As if I were once again a student, seated in a lecture hall among hundreds of classmates, straining to hear the words coming from the professor at the front. Like that professor, the women in the mosque are uniquely qualified to teach those who will listen about their needs and desires.
And as I listen, I learn even more about myself.
In the year since I first stepped into the Blue Mosque I have visited Greece, Italy, Morocco, Spain, Portugal, France, Switzerland, Austria, the Czech Republic, Germany, Denmark, Sweden, Norway, Scotland, Ireland, the United States, Cuba, and Jamaica. Many of these countries have gender roles and opportunities similar to those I grew up with. A few contrast strongly against my almost gender-neutral mentality. Each has been a step towards releasing judgement.
In Morocco, I seek out the company of local women at the hammam. After long days wandering the twisting alleys of ancient medinas, when I am no longer sure I can politely pretend to not notice the attentions of masculine gazes and reaching hands, the refuge of this women-only space acts as a balm and soothes the cracks forming along the surface of my traveler’s veneer.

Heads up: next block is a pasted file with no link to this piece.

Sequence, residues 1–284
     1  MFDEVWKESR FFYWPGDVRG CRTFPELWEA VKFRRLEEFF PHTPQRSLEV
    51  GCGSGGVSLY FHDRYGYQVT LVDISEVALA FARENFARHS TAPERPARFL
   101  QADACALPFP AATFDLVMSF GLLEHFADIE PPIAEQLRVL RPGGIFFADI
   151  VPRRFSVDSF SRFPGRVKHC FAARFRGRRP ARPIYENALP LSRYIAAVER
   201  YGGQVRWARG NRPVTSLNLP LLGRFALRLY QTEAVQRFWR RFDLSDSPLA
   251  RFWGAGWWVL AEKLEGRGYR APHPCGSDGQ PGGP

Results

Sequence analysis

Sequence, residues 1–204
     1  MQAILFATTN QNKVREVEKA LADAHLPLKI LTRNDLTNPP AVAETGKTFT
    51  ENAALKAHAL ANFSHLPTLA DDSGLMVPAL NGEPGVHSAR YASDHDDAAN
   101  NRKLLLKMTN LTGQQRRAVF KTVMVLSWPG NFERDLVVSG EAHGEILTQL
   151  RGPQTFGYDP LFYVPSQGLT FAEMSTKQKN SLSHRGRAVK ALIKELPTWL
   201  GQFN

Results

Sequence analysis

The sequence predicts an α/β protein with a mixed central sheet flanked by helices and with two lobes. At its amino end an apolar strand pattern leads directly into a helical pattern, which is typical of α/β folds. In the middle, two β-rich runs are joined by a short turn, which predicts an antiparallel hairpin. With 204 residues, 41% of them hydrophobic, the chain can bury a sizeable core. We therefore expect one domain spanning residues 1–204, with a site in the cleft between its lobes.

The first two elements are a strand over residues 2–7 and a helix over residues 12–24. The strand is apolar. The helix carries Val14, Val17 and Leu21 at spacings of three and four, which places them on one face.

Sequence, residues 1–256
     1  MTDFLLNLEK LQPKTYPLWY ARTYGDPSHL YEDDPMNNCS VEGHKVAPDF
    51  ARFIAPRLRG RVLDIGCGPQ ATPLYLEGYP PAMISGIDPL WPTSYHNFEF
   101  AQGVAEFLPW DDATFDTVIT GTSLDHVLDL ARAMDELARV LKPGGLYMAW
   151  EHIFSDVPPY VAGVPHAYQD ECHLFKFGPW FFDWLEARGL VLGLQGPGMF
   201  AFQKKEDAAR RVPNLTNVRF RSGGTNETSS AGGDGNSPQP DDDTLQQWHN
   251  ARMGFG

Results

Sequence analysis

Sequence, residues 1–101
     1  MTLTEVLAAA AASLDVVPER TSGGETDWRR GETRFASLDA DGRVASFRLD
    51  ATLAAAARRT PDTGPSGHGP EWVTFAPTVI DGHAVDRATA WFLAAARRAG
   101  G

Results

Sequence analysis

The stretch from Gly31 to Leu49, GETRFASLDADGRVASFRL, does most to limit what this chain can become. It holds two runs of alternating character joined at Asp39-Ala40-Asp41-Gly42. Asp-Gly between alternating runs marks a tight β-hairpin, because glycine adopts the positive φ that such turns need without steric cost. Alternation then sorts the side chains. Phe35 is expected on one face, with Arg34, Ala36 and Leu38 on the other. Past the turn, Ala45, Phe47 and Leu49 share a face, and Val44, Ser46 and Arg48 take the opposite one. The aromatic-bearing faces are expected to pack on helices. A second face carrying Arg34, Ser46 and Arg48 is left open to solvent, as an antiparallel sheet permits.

We are buck naked, and I struggle to become comfortable while the Moroccan women around me move about unselfconsciously.
I smile at the irony: the sexually liberated Western woman cannot stop thinking about the towel she reluctantly left in the change room, while those who spend entire days with nothing more than face and hands visible stroll by with the confidence and elegance of supermodels.
It is a grateful glimpse into a form of body positive freedom I find envious.
A freedom which goes far beyond the hurried showering behind closed curtains after a workout at the gym. Underpants tugged on under damp towel and bra snapped into place as I face the wall of lockers, studiously keeping my gaze to myself.
May of this year my feet find their way to Jamaica. In Port Antonio, a woman catches my searching glance at the taxi stand, the only female vendor in the row of huts lining the chaotic roadside pullout, which serves as an orchestration area for drivers trying to fill every last seat in their vans. She offers to use her connections to help me find a ride to the Blue Mountains.
As we wait for the arrival of the driver, I learn of her 28 grandsons, 19 granddaughters, and 8 great grandchildren. We flip through pictures of family on her phone, never a mention of a father to this extended brood.